Hong Kong's Legislative Council is taking the first step in controlling sulfur content in fuel used by ships in its waters, requiring local vessels to use marine light diesel with a sulfur content of 0.05 percent or less starting April 1.
The council is expected to review plans later in 2014 that also would require ocean-going vessels to use lower sulfur fuels, likely beginning early in 2015.
Under the new regulations for smaller local vessels, announced by the secretary of the environment March 19, suppliers of noncompliant marine light diesel face up to three months in jail and fines of up to $6,500.
Secretary for the Environment Wong Kam-sing said the new fuel would “emit about 90 percent less sulfur dioxide and 30 percent less large particulate matter (PM-10)” than the fuel now being used with a sulfur content of about 0.5 percent.
Pollution Decreases Predicted
Sulfur dioxide levels around Hong Kong are expected to drop by 10 percent annually, with PM-10 levels dropping by 4 percent annually, he said.
In February, Hong Kong shippers renewed a pledge to voluntarily switch to lower sulfur fuels through the end of 2014 under an agreement called the Fair Winds Charter (37 INER 323, 2/26/14).
They hope that the mandated regulation, as well as further efforts to establish similar policies in neighboring Guangdong province, can ensure a more level playing field for ports in the area, including a possible emissions control area for the Pearl River Delta region several years from now.
The delta, which includes Hong Kong, Macau and the area from Shenzhen to Guangzhou to Foshan in Guangdong province, is a key port and manufacturing center for southern China.
Costs Expected to Increase
The use of lower sulfur diesel is expected to increase local shipping costs due to the higher price of the fuel and expenses involved in switching fuels.
The low-sulfur fuels “are more expensive and do have a cost burden,” Diego Perdones, head of sales for South China at Maersk, told Bloomberg BNA by e-mail March 24.
Maersk is party to the Four Winds Charter pact and its ships voluntarily switch to bunker fuel, with a sulfur content of 0.5 percent or less, while in Hong Kong waters.
Perdones said fuel switching for Maersk in Hong Kong has increased costs about $2 million per year since 2010. But he added that it has “incentivized a stronger drive to improve fuel efficiency, as comparative cost savings will be greater than with traditional heavy fuel.”
Michael Hazen, project manager with Ocean Recovery Alliance, a nongovernmental organization promoting ocean health, told Bloomberg BNA on March 28 that he believes ocean-going vessels also should eventually move to lower-sulfur fuels.
This could “have downstream effects on the cost of goods, as shipping prices would have to increase to compensate for the higher cost of fuel,” Hazen said.
But he said carbon dioxide and sulfur dioxide emissions “have many indirect costs that the world ends up paying for” such as increased health care costs, tourism losses from damaged ecosystems, infrastructure damage from acid rain and increased intensity of storms.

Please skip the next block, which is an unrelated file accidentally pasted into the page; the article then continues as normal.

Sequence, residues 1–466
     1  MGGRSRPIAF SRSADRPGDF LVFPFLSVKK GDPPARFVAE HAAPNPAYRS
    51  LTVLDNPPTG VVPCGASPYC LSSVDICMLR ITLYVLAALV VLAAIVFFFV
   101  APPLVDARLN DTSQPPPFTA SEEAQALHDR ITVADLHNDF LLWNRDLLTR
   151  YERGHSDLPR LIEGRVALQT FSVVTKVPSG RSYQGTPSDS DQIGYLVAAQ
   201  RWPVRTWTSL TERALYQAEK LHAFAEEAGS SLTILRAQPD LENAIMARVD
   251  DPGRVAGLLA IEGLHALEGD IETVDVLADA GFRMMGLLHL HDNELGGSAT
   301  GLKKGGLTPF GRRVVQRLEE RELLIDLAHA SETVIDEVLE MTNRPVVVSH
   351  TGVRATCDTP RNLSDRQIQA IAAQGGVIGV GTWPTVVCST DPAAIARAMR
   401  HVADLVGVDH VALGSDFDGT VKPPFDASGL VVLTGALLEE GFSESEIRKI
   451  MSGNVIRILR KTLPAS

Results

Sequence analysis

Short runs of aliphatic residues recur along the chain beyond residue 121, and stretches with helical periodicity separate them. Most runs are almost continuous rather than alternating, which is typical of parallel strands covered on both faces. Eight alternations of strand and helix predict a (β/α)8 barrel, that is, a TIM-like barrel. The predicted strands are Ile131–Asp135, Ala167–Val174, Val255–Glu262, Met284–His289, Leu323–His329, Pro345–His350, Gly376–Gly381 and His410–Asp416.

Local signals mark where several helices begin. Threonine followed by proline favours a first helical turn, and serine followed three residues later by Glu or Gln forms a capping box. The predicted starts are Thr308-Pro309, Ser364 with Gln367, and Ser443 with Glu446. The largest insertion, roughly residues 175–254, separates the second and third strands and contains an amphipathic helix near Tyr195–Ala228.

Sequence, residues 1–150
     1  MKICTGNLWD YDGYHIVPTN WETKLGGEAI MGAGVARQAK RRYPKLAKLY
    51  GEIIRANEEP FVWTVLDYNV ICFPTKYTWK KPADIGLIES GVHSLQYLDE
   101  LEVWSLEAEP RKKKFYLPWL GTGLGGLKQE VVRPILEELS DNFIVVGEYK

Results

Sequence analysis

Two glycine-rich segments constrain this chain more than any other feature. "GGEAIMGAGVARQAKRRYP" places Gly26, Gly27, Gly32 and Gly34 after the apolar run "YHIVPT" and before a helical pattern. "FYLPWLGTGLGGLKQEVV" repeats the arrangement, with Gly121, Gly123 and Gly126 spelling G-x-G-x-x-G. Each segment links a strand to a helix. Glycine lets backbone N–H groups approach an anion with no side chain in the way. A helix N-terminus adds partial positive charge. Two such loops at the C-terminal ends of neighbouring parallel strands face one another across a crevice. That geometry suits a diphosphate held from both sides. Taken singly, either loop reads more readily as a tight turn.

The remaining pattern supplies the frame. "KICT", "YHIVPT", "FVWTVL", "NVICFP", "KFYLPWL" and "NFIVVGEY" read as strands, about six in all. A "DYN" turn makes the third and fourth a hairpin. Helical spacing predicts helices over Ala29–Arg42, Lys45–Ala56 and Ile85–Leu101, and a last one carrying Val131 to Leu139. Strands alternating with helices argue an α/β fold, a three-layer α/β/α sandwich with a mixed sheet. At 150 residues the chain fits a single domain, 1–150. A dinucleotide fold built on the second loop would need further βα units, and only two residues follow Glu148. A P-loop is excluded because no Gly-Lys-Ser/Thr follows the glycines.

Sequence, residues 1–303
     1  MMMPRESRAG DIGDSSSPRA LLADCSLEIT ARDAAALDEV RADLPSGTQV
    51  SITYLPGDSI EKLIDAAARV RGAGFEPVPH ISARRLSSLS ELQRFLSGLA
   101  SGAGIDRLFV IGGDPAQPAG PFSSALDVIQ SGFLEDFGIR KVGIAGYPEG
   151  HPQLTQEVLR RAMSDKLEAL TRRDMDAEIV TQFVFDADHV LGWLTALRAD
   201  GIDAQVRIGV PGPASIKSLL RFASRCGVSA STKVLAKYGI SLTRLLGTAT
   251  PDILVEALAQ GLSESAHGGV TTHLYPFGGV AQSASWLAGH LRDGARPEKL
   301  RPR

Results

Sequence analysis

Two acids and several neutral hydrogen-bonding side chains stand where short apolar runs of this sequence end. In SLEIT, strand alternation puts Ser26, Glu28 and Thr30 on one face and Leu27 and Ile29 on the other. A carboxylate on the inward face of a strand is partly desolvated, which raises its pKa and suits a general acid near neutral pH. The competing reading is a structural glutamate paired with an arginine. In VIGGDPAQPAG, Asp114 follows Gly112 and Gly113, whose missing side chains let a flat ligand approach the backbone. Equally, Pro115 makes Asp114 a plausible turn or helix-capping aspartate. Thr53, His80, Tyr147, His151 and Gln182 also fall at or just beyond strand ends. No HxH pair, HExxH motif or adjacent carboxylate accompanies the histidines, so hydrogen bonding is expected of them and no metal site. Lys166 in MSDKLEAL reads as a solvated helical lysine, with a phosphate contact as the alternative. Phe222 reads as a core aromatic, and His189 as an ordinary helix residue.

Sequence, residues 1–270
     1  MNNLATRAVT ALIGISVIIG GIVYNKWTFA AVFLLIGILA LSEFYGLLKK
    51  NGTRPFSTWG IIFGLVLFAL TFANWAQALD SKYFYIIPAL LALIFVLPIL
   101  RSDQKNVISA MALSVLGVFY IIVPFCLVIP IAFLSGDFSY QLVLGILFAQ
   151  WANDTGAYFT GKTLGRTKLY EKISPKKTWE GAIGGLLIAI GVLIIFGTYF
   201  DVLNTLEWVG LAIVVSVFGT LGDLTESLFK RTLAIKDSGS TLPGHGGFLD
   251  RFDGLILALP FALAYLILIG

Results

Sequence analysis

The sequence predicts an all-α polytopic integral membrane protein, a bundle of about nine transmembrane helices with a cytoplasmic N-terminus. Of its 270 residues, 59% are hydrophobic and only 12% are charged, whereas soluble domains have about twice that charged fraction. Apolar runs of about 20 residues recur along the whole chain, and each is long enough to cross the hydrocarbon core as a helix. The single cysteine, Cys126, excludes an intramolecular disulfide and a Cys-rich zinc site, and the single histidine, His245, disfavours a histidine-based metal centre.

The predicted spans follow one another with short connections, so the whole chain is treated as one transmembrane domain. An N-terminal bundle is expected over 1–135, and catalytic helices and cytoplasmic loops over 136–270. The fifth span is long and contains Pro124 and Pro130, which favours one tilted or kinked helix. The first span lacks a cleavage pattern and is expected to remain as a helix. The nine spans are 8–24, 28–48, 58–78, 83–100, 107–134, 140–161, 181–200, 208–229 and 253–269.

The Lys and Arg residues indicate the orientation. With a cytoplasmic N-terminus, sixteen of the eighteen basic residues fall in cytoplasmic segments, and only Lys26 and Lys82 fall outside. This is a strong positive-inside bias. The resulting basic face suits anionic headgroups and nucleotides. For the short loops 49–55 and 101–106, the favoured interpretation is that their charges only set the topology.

Rémi Parmentier, deputy executive secretary of the Global Ocean Commission, an environmental think tank, told BBNA at the group's annual meeting in Hong Kong on March 16 that in June, the commission will recommend steps for reducing greenhouse gases and emissions leading to acidification on the high seas,
Perdones said vessel emissions control has been a regular item for discussion in recent years between Maersk and China's Ministry of Transport. And he said that Shenzhen, which neighbors Hong Kong on the mainland, has been soliciting opinion on control of emissions from marine vessels in its waters and is talking to shippers about future policy.
“We believe that the relevant authorities in mainland China have realized the problem and [are] planning to take action to address that,” Perdones said. “We are looking forward to seeing relevant regulations and policies being established to align with regulations in Europe and North America regarding vessel emissions control, that will benefit not only the local community but the whole industry.”
Currently emissions control areas cover much of the U.S. and Canadian coasts and the North and Baltic seas in Europe.
‘Green Ports Action Plan.'
Guangdong's Transportation Bureau, Maritime Affairs Bureau and Environmental Protection Department will work with Hong Kong on strengthening emissions control policies on marine vessels, according to a working agenda between Hong Kong and Guangdong province released March 18 by Guangdong authorities.
Guangdong's provincial transportation bureau also issued a “Green Ports Action Plan” on March 5, a guiding document about increasing energy efficiency, cutting carbon dioxide and sulfur dioxide emissions in the province's ports through 2020.
The plan states that Guangdong will “research cooperation on controlling pollution from ships and ocean-going vessels as well as the possibility of implementing regulations requiring vessels to use lower sulfur diesel fuels” in Pearl River Delta area ports.